HW: Rhetorical Passage from Chapter 2 assignment due at 9pm PST to

Tuesday, January 13, 2015


Announcement: blog updates!
AP exam registration - approximately $90 per exam; traditionally financial aid has been available--more info on this process soon
Volunteer spot sign up, please:
Click to View Volunteer Opportunities on VolunteerSpot

Introduced synthesis!
Define task

HW: ch2 rhetorical analysis assignment due wed. Jan 14th @ 9 pm on turnitin.

Take away: there are many different and valid arguments for why a specific college is the best. The important step that will help you decide on your top 2 college's is deciding which reasons apply most to your individual situation and basing your choice on the frequency by which those reasons are present in each college.

What is synthesis?
A: gathering all the different factors that come in to play when thinking about a certain topic and combining/ ranking them to foam a clear argument.

Monday, January 12, 2015


     1) Blog Updates - Thank you!
     2) AP exam registration - coming in Feb. Typically around $90 per exam. Traditionally, financial aid has been available; more information on that as I get it.
     3) Volunteer spot sign-ups - Please sign up to meet with me about the fall paper and set writing goals for second semester
Click this button to access the calendar:

Click to View Volunteer Opportunities on VolunteerSpot

Discuss Rhetorical Passage from Chapter 2 with partners/small groups
Examine Pust's sample writeup discussing the end of Chapter 2 ("songs" part)
Annotated version of Pust's sample writeup to show what we reviewed in class (NOTE: I had to create an artificial "page break" partway through the paragraph because I made so many comments on the document! Please adhere to MLA format like my non-annotated sample)
Introduce Synthesis Essay

2 Take-aways:

1) Today in class we discussed the rhetorical devices being used by Douglass in his writing to help explain to his audience his purpose on how slaves were really treated. We learned and analyzed in an example how referring to people as "souls" makes slavery a more moral issue on how souls are being broken & thus is an offense to God. We reviewed how to analyze a metaphor and write about how rhetorical devices are used.

2) When introducing the Synthesis essay, we used the analogy of thinking about factors we might consider when choosing a college. By doing this, we were able to broaden our factors and prioritize them. This helps use visualize what we will be doing in the Synthesis essay where will learn to rank important considerations given to us in the prompt.

HW:  Chapter 2 Rhetorical Analysis assignment due Wednesday 1/14 by 9pm on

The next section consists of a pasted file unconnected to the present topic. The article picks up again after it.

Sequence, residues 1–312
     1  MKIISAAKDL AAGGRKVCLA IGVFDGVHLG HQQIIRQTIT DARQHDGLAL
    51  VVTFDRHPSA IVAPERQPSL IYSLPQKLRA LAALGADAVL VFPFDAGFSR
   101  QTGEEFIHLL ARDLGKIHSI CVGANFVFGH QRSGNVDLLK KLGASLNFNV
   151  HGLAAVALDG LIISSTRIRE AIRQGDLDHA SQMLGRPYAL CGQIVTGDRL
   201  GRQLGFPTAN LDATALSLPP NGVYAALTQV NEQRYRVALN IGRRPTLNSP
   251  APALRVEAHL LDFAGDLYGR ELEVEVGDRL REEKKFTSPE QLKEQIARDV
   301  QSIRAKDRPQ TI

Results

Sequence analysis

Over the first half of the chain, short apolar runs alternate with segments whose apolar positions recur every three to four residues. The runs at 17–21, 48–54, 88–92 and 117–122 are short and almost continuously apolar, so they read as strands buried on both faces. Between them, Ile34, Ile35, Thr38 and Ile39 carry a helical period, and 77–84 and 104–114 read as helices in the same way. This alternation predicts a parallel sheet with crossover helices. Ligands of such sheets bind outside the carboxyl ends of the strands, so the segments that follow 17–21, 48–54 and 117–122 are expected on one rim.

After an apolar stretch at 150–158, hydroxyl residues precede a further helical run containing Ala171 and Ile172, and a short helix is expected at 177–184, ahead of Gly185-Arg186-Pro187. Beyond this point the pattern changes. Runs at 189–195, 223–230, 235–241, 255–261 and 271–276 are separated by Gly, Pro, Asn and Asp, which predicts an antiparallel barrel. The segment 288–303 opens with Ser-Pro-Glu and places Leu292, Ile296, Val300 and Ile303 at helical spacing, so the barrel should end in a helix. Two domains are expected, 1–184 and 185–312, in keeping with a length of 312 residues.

Friday, January 9, 2015


Blog updates: thank you!
Volunteer spot sign ups for January
Use this button to sign up from your mobile device!
Click to View Volunteer Opportunities on VolunteerSpot

Finish escalating questions of ch2 of the Narrative of the Life of Frederick Douglass, An American Slave
Introduce rhetorical analysis review assignments ( due Wednesday )

Chapter 2 rhetorical analysis assignment due on Wednesday ( by 9 pm
Read and annotate the passage this weekend--be ready to discuss

" the field was the place to witness his cruelty an profanity" ( page 55, Frederick Douglas )
The slaves in this book were dehumanised the entire day.
The site that they lived at was not habitable.
 Invariably means never changing
My  son invariably gives the same response to others about his career plans: he's not sure what he'll do or when he'll do it.

Thursday, January 8, 2015


Review TED Talk, Kevin Bales, "How to Combat Modern Slavery" if needed
Finish responding to Kevin Bales's TED talk questions and turn in assignment if finished.

Introduce vocab ch. 1+2 using the ppt of images and the vocabulary chart handout.

Begin escalating questions for ch 1 of Narrative of the Life of Frederick Douglass, An American Slave.

-We should learn to become attuned to the analogies and comparisons speakers use to argue their points (e.g., these particular comparisons are chosen for specific reasons: Why "Styrofoam"? Why a "cup"? Why "potato chips and pretzels"? Why "a blood-stained gate"? Or more specifically, why a "gate"?).

-Douglass opens in paragraph 1 showing how slaves are dehumanized from the removal of their birthday/comparison to horses; Bales shows how that dehumanization continues today in modern slavery by asserting that some persons cost as little as $5/day, and by comparing enslaved people to "Styrofoam cups"

HW: review ch 1+2 of Narrative of the Life of Frederick Douglass, An American Slave as needed; finish Bales questions (if needed)

Wednesday, January 7, 2015


Take notes--what is important? interesting? surprising? informative? central to Bales's argument?
*Mark down notes on some aspects of the TED Talk.

Respond to Ted Talk questions 
Go to Text book room and return books/get the Narrative of the Life of Frederick Douglass, An American Slave 

Two main ideas from class:
1. How to combat modern day slavery/statistics of modern day slavery
2. Practice answering AP test questions: writing these short responses will build fluency and help us marshal evidence for argument essays later this semester.

Vocabulary chart to assist with unfamiliar words as you read

HW: Read chapters 1 and 2 of the Narrative of the Life of Frederick Douglass  and annotate/prepare for discussion.

Tuesday, January 6, 2015


Welcome Back and Happy New Year!

Goal Setting and Reflection: Screenshot of Common App Teacher Evaluation & Word cloud of common words used in letters of recommendation. How might this shape your three goals for semester 2?

New Seats + Routines
- Blog

Overview of Semester 2:
Essay Types

Take notes--what is important? interesting? surprising? informative? central to Bales's argument?
*Mark down notes on some aspects of the TED Talk.

Talking points:
Slavery is alive and well! More people are enslaved today than any other period in history, but the smallest fraction of the total population than ever recorded. HOWEVER, this does not make it a trivial nor a self-eradicating issue. 

HW: Bring ID + books to return to textbook room tomorrow -- don't leave in lockers!